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Thread: Building a modern traditional work bench

  1. #1
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    Building a modern traditional work bench

    I got some hardware and some wood to build a bench but I haven't settled on a design yet. I am going to incorporate a leg vise and a twin screw end vise that I made, and possibly a shoulder vise of some kind. I was going to just glue together a bunch of 3" wide boards stood on edge to do the top. I want about a 30" top. In some of my research I see that some people have some problems with this due to the expanding and contracting causing the top to bow and such. I had an idea to make the top out of vertical and horizontal glue ups. One idea is to glue up 3 different tops out of 6" wide boards then laminate all of those together to end up with a 30" wide 3" thick top. My other idea is laminate 5 sets of 3 6" wide boards together then do a glue up of all of those. Would one of these methods produce a more stable top that is less likely to bow or warp with moisture change? Any thoughts for top construction or anything else for the bench.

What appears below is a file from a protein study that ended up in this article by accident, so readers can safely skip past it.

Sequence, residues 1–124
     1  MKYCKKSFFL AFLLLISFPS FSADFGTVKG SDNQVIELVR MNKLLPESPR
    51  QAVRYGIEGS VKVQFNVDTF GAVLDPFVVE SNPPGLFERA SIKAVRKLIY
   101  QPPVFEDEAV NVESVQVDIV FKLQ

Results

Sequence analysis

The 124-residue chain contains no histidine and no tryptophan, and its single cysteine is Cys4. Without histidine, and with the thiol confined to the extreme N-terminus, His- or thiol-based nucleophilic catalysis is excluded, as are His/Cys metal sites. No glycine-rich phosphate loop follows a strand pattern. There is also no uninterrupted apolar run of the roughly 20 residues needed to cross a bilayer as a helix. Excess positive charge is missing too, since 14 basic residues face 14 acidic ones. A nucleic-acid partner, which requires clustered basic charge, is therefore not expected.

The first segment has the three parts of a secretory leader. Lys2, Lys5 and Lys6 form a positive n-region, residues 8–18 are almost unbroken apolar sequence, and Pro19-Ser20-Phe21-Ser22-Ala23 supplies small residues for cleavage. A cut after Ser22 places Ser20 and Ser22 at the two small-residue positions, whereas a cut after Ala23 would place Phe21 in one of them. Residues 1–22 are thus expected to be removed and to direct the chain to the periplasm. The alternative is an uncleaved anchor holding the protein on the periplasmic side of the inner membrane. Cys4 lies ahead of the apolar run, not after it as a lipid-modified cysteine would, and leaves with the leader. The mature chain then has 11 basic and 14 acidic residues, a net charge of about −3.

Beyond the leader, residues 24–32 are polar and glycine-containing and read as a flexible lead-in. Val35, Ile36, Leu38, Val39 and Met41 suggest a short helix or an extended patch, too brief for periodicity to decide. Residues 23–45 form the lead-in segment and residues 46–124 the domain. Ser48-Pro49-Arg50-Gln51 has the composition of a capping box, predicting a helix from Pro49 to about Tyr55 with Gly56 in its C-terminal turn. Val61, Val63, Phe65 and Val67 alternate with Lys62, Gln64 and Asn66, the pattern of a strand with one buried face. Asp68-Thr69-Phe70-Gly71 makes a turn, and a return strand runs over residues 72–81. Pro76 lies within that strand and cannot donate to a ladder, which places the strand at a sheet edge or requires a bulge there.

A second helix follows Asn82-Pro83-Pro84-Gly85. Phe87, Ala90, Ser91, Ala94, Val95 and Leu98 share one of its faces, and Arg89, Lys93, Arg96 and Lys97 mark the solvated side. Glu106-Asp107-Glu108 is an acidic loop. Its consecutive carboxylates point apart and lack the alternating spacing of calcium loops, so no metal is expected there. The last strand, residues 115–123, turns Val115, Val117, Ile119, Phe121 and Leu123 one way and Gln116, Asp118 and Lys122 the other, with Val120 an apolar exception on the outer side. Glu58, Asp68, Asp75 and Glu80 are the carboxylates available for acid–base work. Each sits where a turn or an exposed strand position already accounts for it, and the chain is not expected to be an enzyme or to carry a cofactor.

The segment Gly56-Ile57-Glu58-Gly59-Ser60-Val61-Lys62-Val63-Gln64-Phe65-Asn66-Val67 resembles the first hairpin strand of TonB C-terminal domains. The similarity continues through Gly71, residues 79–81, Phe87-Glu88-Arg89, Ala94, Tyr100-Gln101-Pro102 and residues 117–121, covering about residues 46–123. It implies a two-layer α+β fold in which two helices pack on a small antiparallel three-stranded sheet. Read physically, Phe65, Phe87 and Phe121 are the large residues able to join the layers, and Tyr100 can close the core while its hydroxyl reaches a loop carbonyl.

2. #2
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    Hi Dave, good luck in building your bench, I wish I could have a stand alone bench

    My best piece of advice is to get the book.....

    >> Workbenches: From Design And Theory To Construction And Use by Christopher Schwarz <<

    So much information in this book I honestly think that if you are going to build a bench you really should read this book.

    Best of luck, take lots of pictures!
    The pessimist complains about the wind; the optimist expects it to change; the realist adjusts the sails.
    William Arthur Ward

  3. #3
    Maybe you should have a look at the gluebo bench over at popular woodworking. They have all the info on it there and it was designed by the Schwarz.
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  4. #4